We tend to leave the world of NASCAR for other outlets that cover it on a full-time basis, or close to it, but this is really too big to let pass without a comment. If other considerations have prevented you from considering the moves that our neighbors here in Daytona Beach have been making over the past year, and then some, we understand. What you need to know is that quietly, compared to everything else that’s been going on, NASCAR has been edging some major realignments into place that are going to very significantly transform how it presents this fundamentally American variety of motorsport. If this is news to you, consider the 2021 Cup schedule that was released last week, which includes an abundance of changes in date, locations and format, which, taken alone in any other year but this one, would have been staggering.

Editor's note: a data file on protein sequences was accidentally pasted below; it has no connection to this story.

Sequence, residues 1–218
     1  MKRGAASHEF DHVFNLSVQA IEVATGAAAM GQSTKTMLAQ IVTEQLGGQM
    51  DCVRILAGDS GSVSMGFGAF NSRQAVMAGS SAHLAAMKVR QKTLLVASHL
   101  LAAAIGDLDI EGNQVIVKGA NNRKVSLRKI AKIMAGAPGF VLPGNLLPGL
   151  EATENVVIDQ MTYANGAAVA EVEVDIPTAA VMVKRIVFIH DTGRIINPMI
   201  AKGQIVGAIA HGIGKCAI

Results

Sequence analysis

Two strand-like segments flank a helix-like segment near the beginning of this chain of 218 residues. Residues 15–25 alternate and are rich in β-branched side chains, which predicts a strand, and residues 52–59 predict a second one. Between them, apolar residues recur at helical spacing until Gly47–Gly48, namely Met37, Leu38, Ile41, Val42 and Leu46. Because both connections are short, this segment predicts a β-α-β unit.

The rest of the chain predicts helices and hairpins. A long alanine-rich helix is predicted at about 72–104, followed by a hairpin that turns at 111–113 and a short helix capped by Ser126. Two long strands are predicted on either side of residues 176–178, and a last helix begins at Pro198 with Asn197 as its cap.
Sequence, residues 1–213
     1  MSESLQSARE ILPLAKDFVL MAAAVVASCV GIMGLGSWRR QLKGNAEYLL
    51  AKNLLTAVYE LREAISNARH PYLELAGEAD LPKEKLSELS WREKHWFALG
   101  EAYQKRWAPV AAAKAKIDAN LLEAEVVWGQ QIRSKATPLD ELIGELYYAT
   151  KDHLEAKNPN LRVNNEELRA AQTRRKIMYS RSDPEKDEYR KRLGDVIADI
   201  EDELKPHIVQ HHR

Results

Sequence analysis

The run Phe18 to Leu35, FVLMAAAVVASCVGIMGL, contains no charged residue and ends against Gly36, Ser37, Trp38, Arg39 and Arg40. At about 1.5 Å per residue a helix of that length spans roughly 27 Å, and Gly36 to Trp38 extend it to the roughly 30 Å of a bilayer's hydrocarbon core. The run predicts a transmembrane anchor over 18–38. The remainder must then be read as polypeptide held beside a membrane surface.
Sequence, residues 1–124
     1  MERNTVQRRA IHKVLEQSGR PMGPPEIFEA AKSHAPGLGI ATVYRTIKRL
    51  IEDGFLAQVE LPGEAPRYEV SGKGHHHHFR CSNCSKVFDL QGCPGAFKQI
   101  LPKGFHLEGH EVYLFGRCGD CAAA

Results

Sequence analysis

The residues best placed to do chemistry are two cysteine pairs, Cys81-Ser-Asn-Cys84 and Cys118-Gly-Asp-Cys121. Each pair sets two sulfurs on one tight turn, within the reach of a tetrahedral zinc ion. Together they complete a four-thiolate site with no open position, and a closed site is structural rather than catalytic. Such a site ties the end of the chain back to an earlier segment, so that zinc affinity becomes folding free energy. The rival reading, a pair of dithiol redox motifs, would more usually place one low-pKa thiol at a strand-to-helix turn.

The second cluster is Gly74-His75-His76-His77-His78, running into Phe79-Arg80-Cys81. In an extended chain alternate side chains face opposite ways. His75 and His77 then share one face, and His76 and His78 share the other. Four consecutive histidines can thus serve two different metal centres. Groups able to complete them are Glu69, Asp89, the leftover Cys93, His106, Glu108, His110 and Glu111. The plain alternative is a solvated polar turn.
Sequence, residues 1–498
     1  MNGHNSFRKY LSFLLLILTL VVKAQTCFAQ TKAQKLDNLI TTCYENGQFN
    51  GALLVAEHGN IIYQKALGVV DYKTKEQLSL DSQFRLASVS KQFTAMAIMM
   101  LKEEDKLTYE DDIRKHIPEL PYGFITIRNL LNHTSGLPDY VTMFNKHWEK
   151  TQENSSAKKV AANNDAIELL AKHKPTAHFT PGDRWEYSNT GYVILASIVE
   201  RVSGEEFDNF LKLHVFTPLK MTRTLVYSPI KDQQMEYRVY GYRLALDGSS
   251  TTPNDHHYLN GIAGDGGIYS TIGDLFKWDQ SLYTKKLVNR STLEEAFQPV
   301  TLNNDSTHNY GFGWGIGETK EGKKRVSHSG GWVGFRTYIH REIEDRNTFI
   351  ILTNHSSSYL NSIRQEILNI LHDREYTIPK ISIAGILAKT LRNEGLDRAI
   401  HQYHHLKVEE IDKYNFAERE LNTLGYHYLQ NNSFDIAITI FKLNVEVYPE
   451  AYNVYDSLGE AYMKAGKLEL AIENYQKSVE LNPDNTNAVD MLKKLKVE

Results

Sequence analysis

Consider the photo above, taken during the 2017 Camping World Truck Series round at Bristol Motor Speedway in Tennessee. Come next year, when the Cup series shows up for the first of its two Bristol dates, the concrete track surface will be covered by a layer of dirt. Yes, the Cup crowd is finally going dirt racing again. How big a deal is this? Put it this way: The last time NASCAR’s top series raced on dirt, Jimi Hendrix was freshly deceased. The final dirt race in what was then the Grand National Series took place September 30th, 1970, when the half-mile State Fairgrounds Speedway in Raleigh, North Carolina, presented the Home State 200. Richard Petty won it in a Plymouth by two laps over the ageless independent Neil “Soapy” Castles and Bobby Isaac, who went on to win the 1970 Grand National championship. Among the 23 starters were J.D. McDuffie, perhaps NASCAR’s most beloved independent racer, who sadly died in a 1991 crash at the Watkins Glen road course. Bristol was dirt twice before, when the World of Outlaws ran on the high-banked half-mile in 2000 and 2001, drawing some 85,000 spectators. Spectator counts at the spring Cup date, where the weather can be iffy, have been on the slide in recent years, which does a lot to explain this move. That leaves the rest of the 2021 schedule: Date losses at Kentucky and Chicagoland, two dates each at Texas and Darlington, the Brickyard 400 moving to the Indianapolis Motor Speedway road course, the All-Star racing shifting from Charlotte to Texas, plus new road course events at Road America in Wisconsin and the Circuit of the Americas outside Austin, Texas. There’s also a new date at Nashville Superspeedway, and a second date is being added at Atlanta, where a major reconfiguration of the speedway (turned into a Charlotte-clone quad oval in 1997) is rumored as the site is prepared for a new casino and shopping complex. That’s a lot to digest, and we’re hearing that FOX Sports had a lot to say about how this schedule turned out. The longstanding criticism that NASCAR resists change now probably deserves to be shelved. It’s been a remarkable year for the France folks, generally well received, especially their COVID-modified schedule of live races and their response to the Black Lives Matter movement, especially as it affected Bubba Wallace, who’s about to go racing with Denny Hamlin and Michael Jordan. Yes, that Michael Jordan. Golly, what a year.